Comics have a long history of engagement with concepts of justice. Mainstream comics in English have commonly focused on crime, crime prevention, and punishment as part of their broader preoccupation with themes of power, abuse of power, and responsibility. This engagement is perhaps most obvious in the traditional superhero genre, in which ostensibly ‘good’ heroes are charged to protect the innocent and right wrongs perpetrated by ‘bad’ villains. Analysing the stories of the two iconic heroes Superman and Batman, Reyns and Henson identify a ‘crime control’ model of justice focused on preventing and repressing crime (2010). In this model, the formal legal system is inadequate and due process is failing, thus indicating the need for vigilantism. Yet despite the failures of the legal system, the overall social order and obedience to the law is nevertheless the accepted morality. Phillips and Strobl similarly conclude that the underlying message in mainstream comics is a conservative one: the goal is always to reinforce or restore an 380 Hanley ideal of social order (2006). Thus, the concept of justice can be utilised as a broad model for understanding inequality, abuse and recompense in human relations.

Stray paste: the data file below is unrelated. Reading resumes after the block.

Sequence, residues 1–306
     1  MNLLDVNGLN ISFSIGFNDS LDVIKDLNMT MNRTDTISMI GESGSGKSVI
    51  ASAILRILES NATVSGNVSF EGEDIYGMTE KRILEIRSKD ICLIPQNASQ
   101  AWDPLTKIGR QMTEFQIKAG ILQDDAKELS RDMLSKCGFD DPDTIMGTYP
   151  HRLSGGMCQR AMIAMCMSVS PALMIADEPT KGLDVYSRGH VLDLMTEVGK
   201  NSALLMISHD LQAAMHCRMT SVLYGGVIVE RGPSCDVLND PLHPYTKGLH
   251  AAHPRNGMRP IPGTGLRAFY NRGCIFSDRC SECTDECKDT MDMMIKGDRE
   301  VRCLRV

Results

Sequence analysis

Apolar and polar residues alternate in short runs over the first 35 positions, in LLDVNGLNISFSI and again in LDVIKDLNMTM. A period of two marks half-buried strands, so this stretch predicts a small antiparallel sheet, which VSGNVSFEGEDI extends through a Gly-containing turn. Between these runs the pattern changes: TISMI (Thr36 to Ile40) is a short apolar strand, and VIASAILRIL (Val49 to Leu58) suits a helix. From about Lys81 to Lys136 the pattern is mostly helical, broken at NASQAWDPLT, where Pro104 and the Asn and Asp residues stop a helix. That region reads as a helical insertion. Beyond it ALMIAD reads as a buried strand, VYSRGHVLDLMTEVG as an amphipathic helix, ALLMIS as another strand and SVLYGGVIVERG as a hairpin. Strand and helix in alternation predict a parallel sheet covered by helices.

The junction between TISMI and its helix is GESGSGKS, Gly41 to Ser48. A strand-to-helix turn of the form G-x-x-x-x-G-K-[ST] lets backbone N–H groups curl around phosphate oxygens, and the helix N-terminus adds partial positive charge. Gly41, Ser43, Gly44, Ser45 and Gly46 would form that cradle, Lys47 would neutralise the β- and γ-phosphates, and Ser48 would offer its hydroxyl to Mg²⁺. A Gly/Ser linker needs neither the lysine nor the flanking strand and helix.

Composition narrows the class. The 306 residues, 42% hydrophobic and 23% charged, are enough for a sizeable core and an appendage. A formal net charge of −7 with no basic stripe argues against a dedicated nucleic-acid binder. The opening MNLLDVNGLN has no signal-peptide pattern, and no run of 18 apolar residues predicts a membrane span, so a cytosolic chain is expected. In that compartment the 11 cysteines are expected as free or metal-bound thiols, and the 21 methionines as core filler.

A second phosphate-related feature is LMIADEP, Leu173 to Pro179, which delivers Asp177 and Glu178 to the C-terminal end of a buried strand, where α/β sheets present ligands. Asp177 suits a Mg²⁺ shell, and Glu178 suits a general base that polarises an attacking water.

Recommended CitationHanley, Jane, Noir justice: Law, crime and morality in Díaz Canales and Guarnido’s Blacksad: Somewhere within the shadows and Arctic-nation, Law Text Culture, 16, 2012, 379-410.